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Omani wins gold in world jiu-jitsu championship

22 Nov 2021 By MOHAMMED TAHA

Muscat – Abdullah bin Khamis al Farsi, 29, from the wilayat of Sur in South Sharqiyah, has won gold in the Abu Dhabi World Professional Jiu-Jitsu Championship held from November 17 to 19.

The Ministry of Culture, Sports and Youth has congratulated Farsi for the win.

Speaking to Muscat Daily, Farsi said, “The World Professional Jiu-Jitsu Championship is held annually and attracts the best players.”

The 2021 edition saw participation of 2,000 players from 65 countries, including the USA, Italy, France, Spain, Kuwait, Russia and Korea.

“I won the first place in the 62kg featherweight category. Winning was not easy; the competition was tough,” Farsi said. He faced the additional burden of securing financial support as the sport is expensive.

“Reaching the finals required immense concentration and determination,” Farsi informed, adding that he prepared for the championship by training daily for four hours.
He is keen to continue representing the sultanate at international meets and raising the Omani flag in different countries.

“I thank everyone who supported me in my training in the past few days in these difficult times. And I hope to get financial support to continue participating in international events.”

Farsi is also eager to establish an official committee to support the sport in the sultanate. “Oman is the only country that doesn’t have a committee or federation for the sport. Private companies that help us financially will benefit because we will promote them in countries where we go to compete.”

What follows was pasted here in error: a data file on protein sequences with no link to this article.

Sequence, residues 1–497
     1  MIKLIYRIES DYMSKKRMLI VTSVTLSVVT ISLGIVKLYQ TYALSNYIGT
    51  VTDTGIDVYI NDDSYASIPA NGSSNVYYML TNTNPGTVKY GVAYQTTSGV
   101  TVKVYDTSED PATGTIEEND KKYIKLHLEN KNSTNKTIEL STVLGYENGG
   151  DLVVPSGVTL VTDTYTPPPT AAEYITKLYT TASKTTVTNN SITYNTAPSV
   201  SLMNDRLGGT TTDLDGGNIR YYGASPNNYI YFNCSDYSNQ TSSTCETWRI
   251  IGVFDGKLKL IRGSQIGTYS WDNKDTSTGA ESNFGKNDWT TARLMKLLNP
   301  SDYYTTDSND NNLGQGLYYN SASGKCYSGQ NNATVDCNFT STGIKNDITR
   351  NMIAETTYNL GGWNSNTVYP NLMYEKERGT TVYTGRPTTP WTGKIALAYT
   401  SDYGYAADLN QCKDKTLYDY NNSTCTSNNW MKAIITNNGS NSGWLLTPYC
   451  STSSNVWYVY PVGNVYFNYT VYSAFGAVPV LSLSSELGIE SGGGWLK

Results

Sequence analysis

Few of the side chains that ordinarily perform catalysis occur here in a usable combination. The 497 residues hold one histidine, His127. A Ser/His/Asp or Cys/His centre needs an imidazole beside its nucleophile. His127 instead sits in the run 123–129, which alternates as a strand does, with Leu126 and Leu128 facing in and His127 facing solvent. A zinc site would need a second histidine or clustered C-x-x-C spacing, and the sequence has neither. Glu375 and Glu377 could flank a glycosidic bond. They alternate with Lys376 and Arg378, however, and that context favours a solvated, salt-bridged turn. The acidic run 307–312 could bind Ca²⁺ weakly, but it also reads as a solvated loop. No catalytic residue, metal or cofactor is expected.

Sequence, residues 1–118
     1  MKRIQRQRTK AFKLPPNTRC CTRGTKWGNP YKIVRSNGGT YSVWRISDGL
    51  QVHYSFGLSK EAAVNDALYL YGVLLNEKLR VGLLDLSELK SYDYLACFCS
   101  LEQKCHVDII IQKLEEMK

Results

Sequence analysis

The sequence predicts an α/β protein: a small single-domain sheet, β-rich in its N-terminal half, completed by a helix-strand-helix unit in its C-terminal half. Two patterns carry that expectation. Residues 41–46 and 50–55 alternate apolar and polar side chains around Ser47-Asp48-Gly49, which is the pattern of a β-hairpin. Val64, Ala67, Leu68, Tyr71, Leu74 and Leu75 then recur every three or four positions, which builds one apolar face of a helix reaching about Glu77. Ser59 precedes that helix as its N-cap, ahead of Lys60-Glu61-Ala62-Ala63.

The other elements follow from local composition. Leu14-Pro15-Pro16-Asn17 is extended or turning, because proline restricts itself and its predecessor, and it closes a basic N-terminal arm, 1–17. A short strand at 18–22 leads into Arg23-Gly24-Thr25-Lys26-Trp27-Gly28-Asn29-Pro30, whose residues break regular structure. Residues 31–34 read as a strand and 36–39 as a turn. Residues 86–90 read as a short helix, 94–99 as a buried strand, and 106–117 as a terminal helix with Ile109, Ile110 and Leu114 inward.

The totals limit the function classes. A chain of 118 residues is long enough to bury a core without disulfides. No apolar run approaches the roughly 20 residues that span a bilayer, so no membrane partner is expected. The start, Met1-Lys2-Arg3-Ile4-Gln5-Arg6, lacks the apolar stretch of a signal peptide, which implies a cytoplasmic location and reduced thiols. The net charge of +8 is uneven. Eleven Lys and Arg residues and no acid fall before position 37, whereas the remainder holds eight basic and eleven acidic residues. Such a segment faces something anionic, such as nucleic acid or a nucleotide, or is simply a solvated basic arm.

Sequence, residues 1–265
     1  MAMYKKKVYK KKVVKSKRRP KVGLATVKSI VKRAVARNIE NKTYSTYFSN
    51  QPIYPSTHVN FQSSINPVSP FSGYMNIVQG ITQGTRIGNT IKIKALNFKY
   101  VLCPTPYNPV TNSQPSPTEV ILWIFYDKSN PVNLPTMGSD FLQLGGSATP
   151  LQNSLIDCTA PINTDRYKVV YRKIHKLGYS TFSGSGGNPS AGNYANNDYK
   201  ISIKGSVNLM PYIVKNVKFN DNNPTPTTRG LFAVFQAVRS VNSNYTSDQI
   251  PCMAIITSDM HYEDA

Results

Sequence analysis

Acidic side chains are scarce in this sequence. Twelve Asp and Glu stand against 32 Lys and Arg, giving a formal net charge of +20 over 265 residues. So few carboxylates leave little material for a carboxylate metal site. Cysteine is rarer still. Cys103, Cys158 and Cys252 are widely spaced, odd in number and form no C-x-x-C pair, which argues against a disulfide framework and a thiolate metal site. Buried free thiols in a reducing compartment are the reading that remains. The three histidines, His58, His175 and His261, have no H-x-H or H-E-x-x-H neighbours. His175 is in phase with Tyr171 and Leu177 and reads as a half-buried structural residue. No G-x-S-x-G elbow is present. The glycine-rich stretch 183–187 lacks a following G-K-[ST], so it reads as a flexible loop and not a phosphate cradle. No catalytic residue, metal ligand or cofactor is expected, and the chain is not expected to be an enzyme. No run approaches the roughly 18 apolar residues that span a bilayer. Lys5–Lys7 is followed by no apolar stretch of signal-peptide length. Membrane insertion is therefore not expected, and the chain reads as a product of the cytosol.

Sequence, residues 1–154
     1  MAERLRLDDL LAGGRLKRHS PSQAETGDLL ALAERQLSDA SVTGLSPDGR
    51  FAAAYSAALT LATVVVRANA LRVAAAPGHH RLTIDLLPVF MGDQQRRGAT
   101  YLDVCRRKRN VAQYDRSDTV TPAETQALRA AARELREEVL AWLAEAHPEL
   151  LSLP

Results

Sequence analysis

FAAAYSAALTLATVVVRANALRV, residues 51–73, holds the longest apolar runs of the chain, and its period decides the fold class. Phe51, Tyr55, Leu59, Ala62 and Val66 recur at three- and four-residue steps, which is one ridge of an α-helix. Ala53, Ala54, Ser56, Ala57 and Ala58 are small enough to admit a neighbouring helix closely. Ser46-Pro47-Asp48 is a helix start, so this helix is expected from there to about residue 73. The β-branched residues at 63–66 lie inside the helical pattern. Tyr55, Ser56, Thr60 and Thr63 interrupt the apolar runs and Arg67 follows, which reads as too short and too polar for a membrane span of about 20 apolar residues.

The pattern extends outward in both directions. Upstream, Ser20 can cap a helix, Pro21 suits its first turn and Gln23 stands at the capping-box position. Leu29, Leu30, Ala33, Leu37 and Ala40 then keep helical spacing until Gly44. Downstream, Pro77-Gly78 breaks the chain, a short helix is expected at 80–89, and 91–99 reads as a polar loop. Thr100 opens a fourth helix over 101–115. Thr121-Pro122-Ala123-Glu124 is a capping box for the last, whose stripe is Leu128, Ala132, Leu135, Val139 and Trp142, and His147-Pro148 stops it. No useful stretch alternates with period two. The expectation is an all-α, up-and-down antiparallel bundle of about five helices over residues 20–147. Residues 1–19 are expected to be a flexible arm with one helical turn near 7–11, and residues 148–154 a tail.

Following the championship, Oman was ranked first in Asia and third in the world by the International Jiu-Jitsu Federation in Abu Dhabi.

Describing the sport, Farsi said jiu-jitsu has become popular in the martial arts community. Its philosophy is based on two pillars. The first is the use of mental strength to gain an advantage over opponents. This helps resist strikes. The second pillar is the use of unarmed combat to improve fitness levels, flexibility, self-discipline, focus and composure. This discipline and focus also helps in setting and achieving targets.

“Jiu-jitsu shares some common roots with other martial arts. India is believed to be the birthplace of the sport. Buddhist monks developed and refined its features. They focused on balance and strength to limit the use of weapons that were used at the time,” Farsi informed.

“It then found its way to China and Japan where it attracted a lot of attention, participation and popularity. Japanese jiu-jitsu techniques are known as ‘The Gentle Way’ and are based on the core values of justice, serenity, honour, self-confidence and respect.”

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